The characterization and use of DNA sequence polymorphisms are an important aspect of forensic analysis. A number of approaches are being explored for single nucleotide polymorphism (SNP) genotyping, but current detection methods are subject to limitations that adversely impact their utility for forensic analysis. We have developed a novel method for genotyping both single and multiple SNPs that uses an intercalating dye and a probe labeled with a single fluorophore to affect a fluorescence energy transfer. Melting curve analysis is then used to distinguish true alleles from mismatched alleles. We term the new method dye probe fluorescence resonance energy transfer (dpFRET). In the current work, development proceeded at first with synthetic DNA template testing to establish proof of concept for the chemistry involved, followed by the design of polymerase chain reaction (PCR)-based genomic DNA assays to demonstrate potential forensic applications. The loci chosen for testing included both nuclear (MHC DRB) and mitochondrial DNA (cytochrome b) genes. A preliminary assessment of the sensitivity limits of the technology indicated that dpFRET was capable of accurately genotyping DNA from one single diploid cell equivalent. This technology could also potentially impact a wide range of nonforensic disciplines to aid in discovery, screening, and association of DNA sequence polymorphisms.

  10. Numerical examinations of simplified spondylodesis models concerning energy absorption in magnetic resonance imaging

    Directory of Open Access Journals (Sweden)

    Hadert Nicole

    2016-09-01

    Full Text Available Metallic implants in magnetic resonance imaging (MRI are a potential safety risk since the energy absorption may increase temperature of the surrounding tissue. The temperature rise is highly dependent on implant size. Numerical examinations can be used to calculate the energy absorption in terms of the specific absorption rate (SAR induced by MRI on orthopaedic implants. This research presents the impact of titanium osteosynthesis spine implants, called spondylodesis, deduced by numerical examinations of energy absorption in simplified spondylodesis models placed in 1.5 T and 3.0 T MRI body coils. The implants are modelled along with a spine model consisting of vertebrae and disci intervertebrales thus extending previous investigations [1], [2]. Increased SAR values are observed at the ends of long implants, while at the center SAR is significantly lower. Sufficiently short implants show increased SAR along the complete length of the implant. A careful data analysis reveals that the particular anatomy, i.e. vertebrae and disci intervertebrales, has a significant effect on SAR. On top of SAR profile due to the implant length, considerable SAR variations at small scale are observed, e.g. SAR values at vertebra are higher than at disc positions.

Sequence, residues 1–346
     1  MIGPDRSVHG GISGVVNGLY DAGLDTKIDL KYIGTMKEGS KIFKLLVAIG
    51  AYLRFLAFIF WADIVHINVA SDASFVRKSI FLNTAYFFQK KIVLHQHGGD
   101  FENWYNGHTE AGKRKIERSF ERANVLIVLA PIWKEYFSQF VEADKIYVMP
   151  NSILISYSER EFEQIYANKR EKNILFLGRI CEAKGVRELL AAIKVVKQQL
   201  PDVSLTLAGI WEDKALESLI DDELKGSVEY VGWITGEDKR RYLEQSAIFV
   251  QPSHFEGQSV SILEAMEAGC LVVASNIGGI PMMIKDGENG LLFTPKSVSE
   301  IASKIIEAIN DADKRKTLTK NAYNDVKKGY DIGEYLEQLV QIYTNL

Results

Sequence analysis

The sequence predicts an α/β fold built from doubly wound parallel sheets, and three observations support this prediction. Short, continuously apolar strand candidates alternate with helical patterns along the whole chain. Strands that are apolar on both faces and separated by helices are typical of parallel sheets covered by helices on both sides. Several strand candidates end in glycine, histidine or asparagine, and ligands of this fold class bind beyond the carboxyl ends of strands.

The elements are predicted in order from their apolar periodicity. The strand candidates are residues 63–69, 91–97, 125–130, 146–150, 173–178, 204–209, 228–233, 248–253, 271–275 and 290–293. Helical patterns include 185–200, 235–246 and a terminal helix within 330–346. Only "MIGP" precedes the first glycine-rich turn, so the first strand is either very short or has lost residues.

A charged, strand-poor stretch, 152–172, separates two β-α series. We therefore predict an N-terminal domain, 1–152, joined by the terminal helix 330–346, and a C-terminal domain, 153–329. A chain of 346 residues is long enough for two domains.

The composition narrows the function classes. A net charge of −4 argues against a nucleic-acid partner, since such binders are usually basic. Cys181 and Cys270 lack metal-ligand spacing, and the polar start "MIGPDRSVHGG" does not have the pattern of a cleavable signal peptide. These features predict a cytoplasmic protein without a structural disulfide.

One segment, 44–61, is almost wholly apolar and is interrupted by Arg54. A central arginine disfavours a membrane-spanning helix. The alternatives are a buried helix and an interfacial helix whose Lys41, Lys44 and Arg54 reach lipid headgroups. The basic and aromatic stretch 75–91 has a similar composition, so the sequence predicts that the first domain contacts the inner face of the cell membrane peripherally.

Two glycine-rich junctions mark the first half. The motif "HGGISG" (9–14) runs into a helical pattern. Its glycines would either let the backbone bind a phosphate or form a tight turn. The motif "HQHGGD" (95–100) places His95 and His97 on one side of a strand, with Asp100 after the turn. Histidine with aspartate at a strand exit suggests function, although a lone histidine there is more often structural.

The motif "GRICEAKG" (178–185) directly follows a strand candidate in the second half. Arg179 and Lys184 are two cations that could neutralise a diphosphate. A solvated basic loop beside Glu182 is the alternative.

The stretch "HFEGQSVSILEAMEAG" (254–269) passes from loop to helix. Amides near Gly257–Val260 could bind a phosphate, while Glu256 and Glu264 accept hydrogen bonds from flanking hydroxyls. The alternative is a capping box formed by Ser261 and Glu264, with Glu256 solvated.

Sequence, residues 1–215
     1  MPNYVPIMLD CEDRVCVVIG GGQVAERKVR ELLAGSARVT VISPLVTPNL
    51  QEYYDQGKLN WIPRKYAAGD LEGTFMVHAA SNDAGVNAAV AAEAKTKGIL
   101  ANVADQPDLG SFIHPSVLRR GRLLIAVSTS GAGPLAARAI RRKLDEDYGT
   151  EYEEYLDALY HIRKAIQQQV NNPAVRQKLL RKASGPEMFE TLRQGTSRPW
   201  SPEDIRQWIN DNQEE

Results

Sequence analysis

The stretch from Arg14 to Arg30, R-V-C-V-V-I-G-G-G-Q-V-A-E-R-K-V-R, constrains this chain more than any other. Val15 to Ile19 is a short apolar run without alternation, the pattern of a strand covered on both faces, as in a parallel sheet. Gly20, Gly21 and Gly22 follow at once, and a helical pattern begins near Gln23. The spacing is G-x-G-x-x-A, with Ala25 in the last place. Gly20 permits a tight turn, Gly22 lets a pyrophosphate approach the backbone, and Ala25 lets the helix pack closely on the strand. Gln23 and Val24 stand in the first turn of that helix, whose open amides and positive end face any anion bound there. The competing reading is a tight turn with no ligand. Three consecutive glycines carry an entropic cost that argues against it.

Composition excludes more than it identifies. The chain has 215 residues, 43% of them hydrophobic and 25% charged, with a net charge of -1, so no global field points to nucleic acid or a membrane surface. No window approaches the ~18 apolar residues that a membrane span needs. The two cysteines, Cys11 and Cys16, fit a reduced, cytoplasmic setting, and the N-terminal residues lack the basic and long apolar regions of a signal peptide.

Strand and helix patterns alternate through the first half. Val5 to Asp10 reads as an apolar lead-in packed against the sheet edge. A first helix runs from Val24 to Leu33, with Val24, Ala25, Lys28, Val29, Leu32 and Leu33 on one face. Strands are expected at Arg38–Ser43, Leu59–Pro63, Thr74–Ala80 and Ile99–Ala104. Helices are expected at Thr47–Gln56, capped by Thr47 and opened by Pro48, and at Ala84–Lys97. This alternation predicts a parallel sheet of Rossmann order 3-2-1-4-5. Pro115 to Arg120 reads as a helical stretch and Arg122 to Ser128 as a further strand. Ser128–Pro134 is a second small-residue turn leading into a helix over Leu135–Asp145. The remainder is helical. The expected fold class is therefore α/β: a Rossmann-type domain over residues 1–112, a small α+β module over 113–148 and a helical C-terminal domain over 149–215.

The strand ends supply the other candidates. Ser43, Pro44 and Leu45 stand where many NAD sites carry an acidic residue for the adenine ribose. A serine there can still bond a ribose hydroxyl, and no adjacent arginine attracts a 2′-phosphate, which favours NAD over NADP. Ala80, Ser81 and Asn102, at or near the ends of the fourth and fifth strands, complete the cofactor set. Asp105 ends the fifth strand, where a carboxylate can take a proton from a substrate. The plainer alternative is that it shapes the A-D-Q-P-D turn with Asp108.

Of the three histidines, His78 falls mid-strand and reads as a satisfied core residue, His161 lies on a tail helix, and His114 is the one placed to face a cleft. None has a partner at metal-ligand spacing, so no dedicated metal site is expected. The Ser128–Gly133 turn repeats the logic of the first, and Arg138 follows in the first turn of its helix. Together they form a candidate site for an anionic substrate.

11. Non-radiative resonance energy transfer in bi-polymer nanoparticles of fluorescent conjugated polymers.

    Science.gov (United States)

    Ozel, Ilkem Ozge; Ozel, Tuncay; Demir, Hilmi Volkan; Tuncel, Donus

    2010-01-18

    This work demonstrates the comparative studies of non-radiative resonance energy transfer in bi-polymer nanoparticles based on fluorescent conjugated polymers. For this purpose, poly[(9,9-dihexylfluorene) (PF) as a donor (D) and poly[2-methoxy-5-(2'-ethyl-hexyloxy)-1,4-phenylene vinylene] (MEH-PPV) as an acceptor (A) have been utilized, from which four different bi-polymer nanoparticle systems are designed and synthesized. Both, steady-state fluorescence spectra and time-resolved fluorescence measurements indicate varying energy transfer efficiencies from the host polymer PF to the acceptor polymer MEH-PPV depending on the D-A distances and structural properties of the nanoparticles. The first approach involves the preparation of PF and MEH-PPV nanoparticles separately and mixing them at a certain ratio. In the second approach, first PF and MEH-PPV solutions are mixed prior to nanoparticle formation and then nanoparticles are prepared from the mixture. Third and fourth approaches involve the sequential nanoparticle preparation. In the former, nanoparticles are prepared to have PF as a core and MEH-PPV as a shell. The latter is the reverse of the third in which the core is MEH-PPV and the shell is PF. The highest energy transfer efficiency recorded to be 35% is obtained from the last system, in which a PF layer is sequentially formed on MEH-PPV NPs.

  12. Nanophotonic enhancement of the Förster resonance energy-transfer rate with single nanoapertures.

    Science.gov (United States)

    Ghenuche, Petru; de Torres, Juan; Moparthi, Satish Babu; Grigoriev, Victor; Wenger, Jérôme

    2014-08-13

    Tailoring the light-matter interaction and the local density of optical states (LDOS) with nanophotonics provides accurate control over the luminescence properties of a single quantum emitter. This paradigm is also highly attractive to enhance the near-field Förster resonance energy transfer (FRET) between two fluorescent emitters. Despite the wide applications of FRET in nanosciences, using nanophotonics to enhance FRET has remained a debated and complex challenge. Here we demonstrate enhanced energy transfer within single donor-acceptor fluorophore pairs confined in single gold nanoapertures. Experiments monitoring both the donor and the acceptor emission photodynamics clearly establish a linear dependence of the FRET rate on the LDOS in nanoapertures, demonstrating that nanophotonics can be used to intensify the near-field energy transfer. Strikingly, we observe a significant six-fold increase in the FRET rate for large donor-acceptor separations exceeding 13 nm. Exciting opportunities are opened to investigate biochemical structures with donor-acceptor distances much beyond the classical Förster radius. Importantly, our approach is fully compatible with the detection of single biomolecules freely diffusing in water solution under physiological conditions.